March 23, 2017

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Going for the Gold - Playing Your Best

Staying home this weekend. What a foreign concept!

Grand Prix Orlando is this weekend and since prices for flights require me to Top 8 to break even, it seems like an easy decision to stay home. If you want to read up on my thoughts on the format, click here. Nothing has changed in the last few months. My next Grand Prix will be GP Richmond, which is the week before Pro Tour Nashville.


Whenever I don’t have a format to talk about, I write about how you can improve parts of your magic game. This week, I will be covering how to play your best, no matter the stakes. We’ve all been there, making your first top 8 of a local event, PPTQ, or RPTQ. No matter how confident you think you are, it will be a nerve wracking experience.


I constantly hear that people’s mistake rate goes through the roof when they are featured on camera, and it makes sense. Here you are, trying to prove yourself to the viewing audience, but since you are constantly thinking that you are one move away from making a mistake you end up outthinking yourself. It doesn’t help that Twitch chat can be so brutal, as any misstep leads to !punt being spammed viciously.

So how can you keep playing your best, no matter what?

1) Stop looking forward a couple rounds


I get it, you’re currently 4-0 in a seven round tournament, and if you win this round you can just intentionally draw twice into the Top 8 and prove yourself to all of the naysayers. Let me tell you, this isn’t the only time that you will be in this situation so even if you end up losing the next two rounds, it isn’t the end of the world and you will have another chance. You also don’t need to prove yourself to anyone, so stop thinking that!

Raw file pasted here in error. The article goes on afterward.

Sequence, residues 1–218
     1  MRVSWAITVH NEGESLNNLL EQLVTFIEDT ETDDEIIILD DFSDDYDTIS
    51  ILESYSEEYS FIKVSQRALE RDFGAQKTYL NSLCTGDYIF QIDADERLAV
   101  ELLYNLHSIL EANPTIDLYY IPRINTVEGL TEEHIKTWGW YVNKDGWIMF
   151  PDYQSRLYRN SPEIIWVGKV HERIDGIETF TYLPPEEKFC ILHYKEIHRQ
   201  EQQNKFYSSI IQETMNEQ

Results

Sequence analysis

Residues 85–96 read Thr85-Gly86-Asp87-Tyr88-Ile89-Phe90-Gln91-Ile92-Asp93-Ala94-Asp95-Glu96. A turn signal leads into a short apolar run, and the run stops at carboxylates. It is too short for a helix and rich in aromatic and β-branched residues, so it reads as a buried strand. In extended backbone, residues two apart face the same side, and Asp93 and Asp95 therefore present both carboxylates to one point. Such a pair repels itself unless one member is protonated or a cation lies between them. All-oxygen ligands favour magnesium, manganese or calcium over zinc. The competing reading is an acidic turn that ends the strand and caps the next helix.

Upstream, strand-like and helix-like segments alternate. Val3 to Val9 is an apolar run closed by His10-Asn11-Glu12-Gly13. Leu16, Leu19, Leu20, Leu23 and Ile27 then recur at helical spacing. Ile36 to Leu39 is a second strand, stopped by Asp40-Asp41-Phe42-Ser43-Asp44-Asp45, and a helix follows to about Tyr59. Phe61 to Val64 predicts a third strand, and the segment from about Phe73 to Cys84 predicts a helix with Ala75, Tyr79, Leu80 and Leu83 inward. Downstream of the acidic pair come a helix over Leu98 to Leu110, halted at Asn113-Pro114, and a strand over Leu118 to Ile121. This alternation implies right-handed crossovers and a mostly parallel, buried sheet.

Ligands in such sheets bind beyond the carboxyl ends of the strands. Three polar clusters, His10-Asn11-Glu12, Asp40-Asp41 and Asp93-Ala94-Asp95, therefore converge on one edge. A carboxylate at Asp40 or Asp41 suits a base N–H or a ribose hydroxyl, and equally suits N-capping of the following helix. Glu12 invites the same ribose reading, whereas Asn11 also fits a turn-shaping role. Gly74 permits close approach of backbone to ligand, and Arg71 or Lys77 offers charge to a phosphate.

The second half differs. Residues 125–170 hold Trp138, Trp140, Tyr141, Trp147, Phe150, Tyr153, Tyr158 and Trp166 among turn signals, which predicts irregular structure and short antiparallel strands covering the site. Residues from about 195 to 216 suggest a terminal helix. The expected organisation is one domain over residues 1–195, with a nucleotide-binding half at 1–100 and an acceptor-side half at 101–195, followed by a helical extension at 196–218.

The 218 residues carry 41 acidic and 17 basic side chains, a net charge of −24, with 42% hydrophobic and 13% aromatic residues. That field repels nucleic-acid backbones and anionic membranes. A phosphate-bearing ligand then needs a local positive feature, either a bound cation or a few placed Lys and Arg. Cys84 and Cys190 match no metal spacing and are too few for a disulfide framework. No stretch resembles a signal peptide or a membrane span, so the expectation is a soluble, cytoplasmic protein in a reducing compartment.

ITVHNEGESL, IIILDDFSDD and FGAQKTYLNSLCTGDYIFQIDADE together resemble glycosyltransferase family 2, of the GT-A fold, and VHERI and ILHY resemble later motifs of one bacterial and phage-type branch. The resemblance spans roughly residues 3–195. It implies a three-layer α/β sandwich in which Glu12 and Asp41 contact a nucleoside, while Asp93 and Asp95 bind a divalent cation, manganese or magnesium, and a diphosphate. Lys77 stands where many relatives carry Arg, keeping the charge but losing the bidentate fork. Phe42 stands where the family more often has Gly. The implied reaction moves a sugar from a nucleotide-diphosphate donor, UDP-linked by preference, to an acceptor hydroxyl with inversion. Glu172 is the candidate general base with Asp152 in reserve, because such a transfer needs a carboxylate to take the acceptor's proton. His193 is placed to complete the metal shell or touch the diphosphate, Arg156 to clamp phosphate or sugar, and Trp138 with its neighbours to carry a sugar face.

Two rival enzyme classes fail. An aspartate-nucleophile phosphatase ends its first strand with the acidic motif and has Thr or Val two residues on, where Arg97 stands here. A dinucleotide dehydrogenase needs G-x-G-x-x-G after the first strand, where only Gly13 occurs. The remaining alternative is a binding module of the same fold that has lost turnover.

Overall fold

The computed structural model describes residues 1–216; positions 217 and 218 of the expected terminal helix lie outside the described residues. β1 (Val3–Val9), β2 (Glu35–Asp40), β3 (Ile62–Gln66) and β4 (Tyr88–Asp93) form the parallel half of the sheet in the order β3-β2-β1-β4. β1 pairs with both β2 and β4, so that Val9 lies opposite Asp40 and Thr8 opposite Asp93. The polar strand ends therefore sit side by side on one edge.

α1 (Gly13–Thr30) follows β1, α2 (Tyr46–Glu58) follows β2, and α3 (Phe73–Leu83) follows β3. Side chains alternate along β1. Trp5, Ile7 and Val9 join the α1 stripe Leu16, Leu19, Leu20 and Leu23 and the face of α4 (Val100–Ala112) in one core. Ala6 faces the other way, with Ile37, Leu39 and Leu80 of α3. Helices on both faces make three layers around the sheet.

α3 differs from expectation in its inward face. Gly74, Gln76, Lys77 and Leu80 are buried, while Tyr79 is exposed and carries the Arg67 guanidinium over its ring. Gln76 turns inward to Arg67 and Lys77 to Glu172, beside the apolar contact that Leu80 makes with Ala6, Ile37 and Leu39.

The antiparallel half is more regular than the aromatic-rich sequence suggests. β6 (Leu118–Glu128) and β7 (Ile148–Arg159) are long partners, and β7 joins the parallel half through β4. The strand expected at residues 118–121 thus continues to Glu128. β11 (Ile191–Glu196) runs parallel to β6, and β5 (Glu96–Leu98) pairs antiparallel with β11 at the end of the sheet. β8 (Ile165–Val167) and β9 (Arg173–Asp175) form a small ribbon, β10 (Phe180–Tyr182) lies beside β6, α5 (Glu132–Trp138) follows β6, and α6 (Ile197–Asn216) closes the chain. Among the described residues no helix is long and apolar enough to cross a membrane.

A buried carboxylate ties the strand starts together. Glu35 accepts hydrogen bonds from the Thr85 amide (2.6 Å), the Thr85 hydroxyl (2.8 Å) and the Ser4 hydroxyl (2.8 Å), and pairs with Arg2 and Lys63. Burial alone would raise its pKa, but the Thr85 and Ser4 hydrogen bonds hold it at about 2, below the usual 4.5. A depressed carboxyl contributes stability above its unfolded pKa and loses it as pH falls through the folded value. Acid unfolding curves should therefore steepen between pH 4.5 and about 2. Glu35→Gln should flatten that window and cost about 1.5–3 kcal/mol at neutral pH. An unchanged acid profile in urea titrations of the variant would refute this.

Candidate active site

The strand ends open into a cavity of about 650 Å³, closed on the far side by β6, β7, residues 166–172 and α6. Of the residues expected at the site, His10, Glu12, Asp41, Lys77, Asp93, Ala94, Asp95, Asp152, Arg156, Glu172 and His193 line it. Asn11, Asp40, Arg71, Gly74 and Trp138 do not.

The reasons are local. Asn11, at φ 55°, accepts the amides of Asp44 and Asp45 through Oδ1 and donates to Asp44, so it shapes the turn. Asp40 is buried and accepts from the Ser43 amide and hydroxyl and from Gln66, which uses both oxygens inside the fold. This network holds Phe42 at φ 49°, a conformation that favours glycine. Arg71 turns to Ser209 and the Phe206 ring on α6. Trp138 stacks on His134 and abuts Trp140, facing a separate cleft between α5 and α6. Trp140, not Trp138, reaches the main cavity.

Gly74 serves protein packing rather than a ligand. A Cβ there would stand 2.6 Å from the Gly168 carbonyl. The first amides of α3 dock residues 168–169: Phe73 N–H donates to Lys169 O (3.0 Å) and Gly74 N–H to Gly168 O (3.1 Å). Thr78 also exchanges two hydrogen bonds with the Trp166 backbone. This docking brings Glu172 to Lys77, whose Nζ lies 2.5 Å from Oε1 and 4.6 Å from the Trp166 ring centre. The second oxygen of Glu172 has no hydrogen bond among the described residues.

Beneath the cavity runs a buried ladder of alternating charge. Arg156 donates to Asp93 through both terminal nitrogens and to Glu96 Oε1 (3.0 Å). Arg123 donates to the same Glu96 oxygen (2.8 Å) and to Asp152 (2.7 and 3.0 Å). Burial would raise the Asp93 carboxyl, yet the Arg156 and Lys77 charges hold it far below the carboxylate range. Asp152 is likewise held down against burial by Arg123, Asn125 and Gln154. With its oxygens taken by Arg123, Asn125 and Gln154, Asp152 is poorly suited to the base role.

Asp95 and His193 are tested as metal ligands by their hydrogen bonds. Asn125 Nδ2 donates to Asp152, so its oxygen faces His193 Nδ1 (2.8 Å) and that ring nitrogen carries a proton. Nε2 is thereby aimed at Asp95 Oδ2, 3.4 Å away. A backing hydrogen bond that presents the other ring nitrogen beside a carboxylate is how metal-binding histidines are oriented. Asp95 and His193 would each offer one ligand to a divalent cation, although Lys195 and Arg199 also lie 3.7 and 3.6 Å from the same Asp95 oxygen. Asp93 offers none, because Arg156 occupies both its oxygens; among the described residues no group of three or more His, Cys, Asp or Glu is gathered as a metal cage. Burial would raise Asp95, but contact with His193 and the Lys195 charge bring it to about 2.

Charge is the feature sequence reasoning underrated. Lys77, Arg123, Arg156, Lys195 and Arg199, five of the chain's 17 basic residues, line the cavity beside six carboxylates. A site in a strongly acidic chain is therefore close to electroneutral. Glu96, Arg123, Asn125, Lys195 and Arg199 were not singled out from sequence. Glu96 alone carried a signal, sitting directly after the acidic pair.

When you operate from a scarcity mindset, your emotions will start to take over. This will lead you to make decisions not based on fact, but rather based on the notion that “well why can’t they not just have it one time please”.

I’ve been there. I’ve lit my chances in tournaments on fire where I made high risk plays, in situations where I didn’t need to, because I felt like I deserved to win. Obviously it almost never worked for me and I don’t do that anymore. The only way to keep your emotions in check is to focus on playing the best magic that you can, and not focusing in on what each win means for you. This will still be hard but if you start practicing that way, it will eventually become second nature.

At Grand Prix Miami in 2013, I went 7-2 on Day One and back then this was the worst record that let you into Day Two. For the entirety of Day Two, I just believed that I could no longer Top 8, and no matter what anyone told me, I just brushed it off and focused on winning each match at a time. I eventually realized in Round 15 that I could make top 8. During the round I almost made a game losing mistake which I was able to catch in time, and got my emotions back under control long enough to make my first and only GP Top 8 of my career.

Now, whenever anyone asks me how I’m doing in a tournament and what that means I can achieve, I just brush it off because I know that this headspace can be very toxic and will always make me much worse.

2) Make sure that you are taking care of your physical health